Music Ed Monday – Transform and Make It So (Part 2)

by Kenley

Optimus%20Prime%20-3In Part One of this mini-series, I reviewed how the character of Jean-Luc Picard was influential to me in my adolescence.   But, when I was a lot younger, I had Optimus Prime.

Optimus Prime (from Generation One) was strong without being brutish.  He would fight, but only when necessary.  He would take responsibility of his actions and always, always protect the humans.  That was a big one: He would always fight the battles when needed and never frivolously, but he would do so to protect those who couldn’t protect themselves.  That is an amazing message for kids.

(Side note: Kids had amazing messages in 80s cartoons.  Seriously, Transformers, He-Man, Teddy Ruxpin… it was a good time to be a kid).

But now, for the details:

“Sometimes, even the wisest of men and machines can be in error.”
(Transformers G1: “SOS Dinobots” @21:40)

Everybody makes mistakes, so admit it, take responsibility, and learn from it.

“We must help Ironhide.”
(Transformers G1: “Autobot Run” @14:40)

You always help when you can.  Always, always, always.

“We must have courage, Huffer.  We can’t ignore the danger, we must conquer it.”
(Transformers G1: “More Than Meets the Eye, Part 2” @14:30)

Huffer precedes the line with “but we’re not fighters like they are.”  Meet the challenge head on.  It’s not about having fear, it’s about what you do in spite of it.

And so many others.  Wired wrote a post about this back in 2007 when the Transformers movie and they really hit the nail on the head:

…Prime practically step-parented the latchkey kids of the mid-’80s. He was our Allfather at a time when flesh-and-blood role models were increasingly few and far between….So when Prime declared, “One shall stand, one shall fall!” in that seismic, tear-down-this-wall timbre of his (or, more accurately, voice actor Peter Cullen), you believed him….

For two glorious years, Optimus Prime was America’s hero….Then in 1986, the original Prime did something that distinguished him from most other cartoon heroes. He died. He died for freedom, for righteousness, and for shelf space….For nearly two decades…the sons of Prime waited for Papa Bot…

With bated breath and shaken faith we await the return of our Almighty Rig. Because without Prime, we’re stuck with whiney Spider-Boys, metrosexual pirates, and koan-spouting kung-fu Christs in designer sunglasses and unisex clubwear. Because he died protecting us in ’86, and nothing’s ever been the same since. Because these days, the only real men left are giant robots…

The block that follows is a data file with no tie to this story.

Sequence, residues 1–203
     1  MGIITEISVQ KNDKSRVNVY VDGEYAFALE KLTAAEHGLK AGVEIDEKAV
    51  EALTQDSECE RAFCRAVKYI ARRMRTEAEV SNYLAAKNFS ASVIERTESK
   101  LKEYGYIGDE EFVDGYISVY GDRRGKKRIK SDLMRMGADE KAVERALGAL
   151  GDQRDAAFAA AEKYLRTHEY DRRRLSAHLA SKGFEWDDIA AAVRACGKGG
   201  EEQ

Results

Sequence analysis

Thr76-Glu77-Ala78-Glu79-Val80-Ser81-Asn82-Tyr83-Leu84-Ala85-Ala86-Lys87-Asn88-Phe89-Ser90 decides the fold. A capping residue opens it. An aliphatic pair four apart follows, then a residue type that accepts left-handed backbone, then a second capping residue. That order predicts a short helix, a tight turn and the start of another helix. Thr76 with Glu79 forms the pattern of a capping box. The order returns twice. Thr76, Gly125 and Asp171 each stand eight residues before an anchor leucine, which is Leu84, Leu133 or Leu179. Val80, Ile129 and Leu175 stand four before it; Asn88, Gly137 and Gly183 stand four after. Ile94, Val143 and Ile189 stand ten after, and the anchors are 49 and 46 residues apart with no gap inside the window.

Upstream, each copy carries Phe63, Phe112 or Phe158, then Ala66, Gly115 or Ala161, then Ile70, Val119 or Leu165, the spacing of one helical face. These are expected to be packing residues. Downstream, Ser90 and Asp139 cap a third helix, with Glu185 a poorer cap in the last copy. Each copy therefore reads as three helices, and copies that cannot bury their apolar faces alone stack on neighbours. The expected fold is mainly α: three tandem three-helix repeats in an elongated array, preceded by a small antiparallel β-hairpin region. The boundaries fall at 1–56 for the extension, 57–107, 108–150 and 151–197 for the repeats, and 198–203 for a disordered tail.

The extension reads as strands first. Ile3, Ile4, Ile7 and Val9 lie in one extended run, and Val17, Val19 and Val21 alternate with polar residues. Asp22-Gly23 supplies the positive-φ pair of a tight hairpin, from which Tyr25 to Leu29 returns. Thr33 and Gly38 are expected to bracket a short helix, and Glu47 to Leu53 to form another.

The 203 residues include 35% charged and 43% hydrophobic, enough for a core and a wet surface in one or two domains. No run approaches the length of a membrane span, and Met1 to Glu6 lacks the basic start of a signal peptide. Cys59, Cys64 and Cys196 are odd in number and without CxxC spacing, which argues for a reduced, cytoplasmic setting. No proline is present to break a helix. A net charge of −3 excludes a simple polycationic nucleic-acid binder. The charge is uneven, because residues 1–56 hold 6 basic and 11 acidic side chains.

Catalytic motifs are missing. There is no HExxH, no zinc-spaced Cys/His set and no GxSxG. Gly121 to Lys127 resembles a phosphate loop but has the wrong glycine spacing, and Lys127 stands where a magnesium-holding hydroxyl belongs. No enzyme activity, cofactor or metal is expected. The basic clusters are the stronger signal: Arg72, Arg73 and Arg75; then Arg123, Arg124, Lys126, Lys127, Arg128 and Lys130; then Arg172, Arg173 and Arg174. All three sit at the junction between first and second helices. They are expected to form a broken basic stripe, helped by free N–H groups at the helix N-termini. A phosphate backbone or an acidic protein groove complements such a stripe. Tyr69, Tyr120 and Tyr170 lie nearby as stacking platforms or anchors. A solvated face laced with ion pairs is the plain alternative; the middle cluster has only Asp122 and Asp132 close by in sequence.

Indeed, indeed.  The media with which our kids interact affects them greatly both positively and negatively.  When kids see Miley Cyrus at the VMAs and don’t react with disgust, that says something about the message.  The Canadian Marshall McLuhan famously said “the medium is the message” and that resonates with culture’s ever-changing online presence, but we also can’t forget that the media is the message too.

In an age where pop culture is so pervasive (and sometimes insidious), we have to be really mindful about both who the models are and which models the kids are following.  It’s fine to have Captain Picard or Optimus Prime on the air, but if no one’s watching, then who cares?

A worse problem is to insert any of these characters into a program that doesn’t match their integrity.  For example, I love(d) the Transformers franchise, but Transformers: Revenge of the Fallen (the second movie) was one of the most sexist and racist movies I’d ever seen.  And in the midst of this terrifying cultural portrayal of women and minorities is Optimus Prime? Are you serious? Writers, do you even know who you’re writing about?

So who’s left to model for kids? Well, real life adolescents and adults.  Brothers, sisters, parents, teachers, law makers, politicians, et cetera.  We need to be the good that they so desperately crave and the leaders they so desperately deserve.  We need to model kindness, empathy, dialogue, patience, perseverence, and care-giving.  Kids need to know that we care about them and will continue to support them even after they leave.  I heard a speaker this morning say “they need to know that even when they leave the house, the door is always open and there will always be a light for when they come back” and I thought that was perfect.

HOMEWORK:

Be mindful of your words and actions this week.  Who’s watching you and what can you teach them? How can your actions model what you desire so deeply to see in others?

Have a great week,
Kenley

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